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Capitol complex crow dispersal program

The Crow Dispersal Program is an annual effort overseen by the Department of General Services' Capitol Police to minimize the number of crows roosting in and around the Capitol Complex during the evening.

Why are you doing this?

The Crow Dispersal Program is initiated each year to deter large numbers crows from the Capitol Complex for two primary reasons: safety and maintenance.  Bird droppings on sidewalks and buildings create an unsightly and unsafe environment for employees and visitors.  Bird droppings over an extended period of time can adversely affect buildings exteriors and sidewalk surfaces, resulting in a substantial amount of time and labor for cleaning.

When does this program start and how long will it last?

The Crow Dispersal Program will commence on November 20, 2017 between 5-9 p.m.  Anti-roosting efforts will be repeated each evening until the crow population in the Capitol Complex has been minimized.  The program will last throughout winter months.  This program takes place every year during the same general time frame.

What procedure is done to thwart the crows from roosting in the Capitol Complex?

Capitol Police fire caps, blanks or screamers via pistols and rifles.  The noise generated by these devices discourages crows from roosting for the night in the Capitol Complex area.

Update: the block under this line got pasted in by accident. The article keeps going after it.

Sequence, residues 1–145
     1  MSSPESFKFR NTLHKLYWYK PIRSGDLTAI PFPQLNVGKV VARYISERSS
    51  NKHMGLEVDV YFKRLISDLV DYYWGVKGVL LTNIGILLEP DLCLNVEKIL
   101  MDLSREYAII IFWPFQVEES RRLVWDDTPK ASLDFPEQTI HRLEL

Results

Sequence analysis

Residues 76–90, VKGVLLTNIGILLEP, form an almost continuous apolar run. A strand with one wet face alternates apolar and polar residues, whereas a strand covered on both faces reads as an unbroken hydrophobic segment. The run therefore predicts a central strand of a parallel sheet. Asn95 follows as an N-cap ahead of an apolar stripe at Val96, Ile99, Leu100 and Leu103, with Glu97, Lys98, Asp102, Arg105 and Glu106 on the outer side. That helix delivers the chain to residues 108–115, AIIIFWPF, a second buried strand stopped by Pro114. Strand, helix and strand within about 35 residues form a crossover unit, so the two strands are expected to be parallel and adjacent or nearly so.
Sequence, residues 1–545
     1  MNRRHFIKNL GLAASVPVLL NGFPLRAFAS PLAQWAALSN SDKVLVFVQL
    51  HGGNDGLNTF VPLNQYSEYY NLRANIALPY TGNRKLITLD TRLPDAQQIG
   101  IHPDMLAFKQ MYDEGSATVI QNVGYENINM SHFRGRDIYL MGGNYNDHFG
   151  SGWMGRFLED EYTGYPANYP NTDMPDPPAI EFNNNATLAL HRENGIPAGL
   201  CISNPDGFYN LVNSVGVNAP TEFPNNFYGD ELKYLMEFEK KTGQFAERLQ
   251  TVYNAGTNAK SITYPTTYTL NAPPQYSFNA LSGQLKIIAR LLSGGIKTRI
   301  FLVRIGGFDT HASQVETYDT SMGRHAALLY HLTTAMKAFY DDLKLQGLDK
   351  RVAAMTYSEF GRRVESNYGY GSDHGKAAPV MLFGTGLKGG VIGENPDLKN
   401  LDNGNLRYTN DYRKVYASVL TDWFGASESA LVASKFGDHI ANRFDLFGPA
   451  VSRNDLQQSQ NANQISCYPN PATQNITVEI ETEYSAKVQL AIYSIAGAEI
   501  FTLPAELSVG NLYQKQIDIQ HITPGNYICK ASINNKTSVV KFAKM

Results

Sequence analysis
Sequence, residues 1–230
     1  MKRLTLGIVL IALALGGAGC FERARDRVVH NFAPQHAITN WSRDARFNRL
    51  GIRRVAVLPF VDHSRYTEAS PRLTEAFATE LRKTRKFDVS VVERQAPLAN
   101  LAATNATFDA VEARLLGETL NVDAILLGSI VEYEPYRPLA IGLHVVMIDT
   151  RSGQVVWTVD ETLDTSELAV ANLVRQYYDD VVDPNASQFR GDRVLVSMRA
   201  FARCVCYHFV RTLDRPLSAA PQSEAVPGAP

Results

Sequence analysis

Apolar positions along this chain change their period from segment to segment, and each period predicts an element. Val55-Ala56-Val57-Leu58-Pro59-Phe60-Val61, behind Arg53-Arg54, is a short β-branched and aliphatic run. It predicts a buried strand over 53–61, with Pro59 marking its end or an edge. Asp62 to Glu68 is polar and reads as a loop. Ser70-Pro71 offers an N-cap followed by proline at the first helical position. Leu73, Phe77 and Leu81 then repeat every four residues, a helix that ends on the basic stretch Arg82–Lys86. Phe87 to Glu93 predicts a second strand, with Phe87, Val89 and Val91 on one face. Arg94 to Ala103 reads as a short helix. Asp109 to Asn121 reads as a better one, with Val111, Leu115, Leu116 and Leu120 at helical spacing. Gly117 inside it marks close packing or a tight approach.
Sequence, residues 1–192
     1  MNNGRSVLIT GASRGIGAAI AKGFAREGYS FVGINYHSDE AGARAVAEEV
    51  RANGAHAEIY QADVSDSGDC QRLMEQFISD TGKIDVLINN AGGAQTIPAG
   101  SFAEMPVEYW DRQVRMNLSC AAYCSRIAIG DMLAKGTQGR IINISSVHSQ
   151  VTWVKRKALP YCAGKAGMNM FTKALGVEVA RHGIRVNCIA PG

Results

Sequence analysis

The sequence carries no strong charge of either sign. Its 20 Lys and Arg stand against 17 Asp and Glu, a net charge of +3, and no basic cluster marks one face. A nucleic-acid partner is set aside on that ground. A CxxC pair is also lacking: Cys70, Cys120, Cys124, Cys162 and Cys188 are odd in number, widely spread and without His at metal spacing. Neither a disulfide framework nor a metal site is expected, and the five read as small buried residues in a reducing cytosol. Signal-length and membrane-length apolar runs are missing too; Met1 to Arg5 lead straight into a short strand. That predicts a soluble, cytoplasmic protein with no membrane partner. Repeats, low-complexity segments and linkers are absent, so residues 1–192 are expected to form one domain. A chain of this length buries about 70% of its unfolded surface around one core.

Is this harmful to the crows?

No, this anti-roosting measure is not harmful to the crows, other animals, people or the environment.  DGS has consulted with the U.S. Department of Agriculture to develop the program.

How long has this program been underway?

This program started in 1997 and has even been featured on numerous local and national news programs.  Although effective, the Crow Dispersal Program is a continual maintenance program and must be repeated each year.

Where will this be done?

Capitol Police will station officers around the Capitol Complex in areas where crows like to roost, such as, near large trees or near buildings where they may seek warmth.

What can I expect to hear?

The program involves the discharge of blanks (similar to the sound of firecrackers popping) as well as whistling devices.

Why can’t the program start later in the evening?

The start time is dictated by how soon it becomes dark.  Crows will not fly after dark.  Therefore, the earlier night falls, the earlier operations must commence.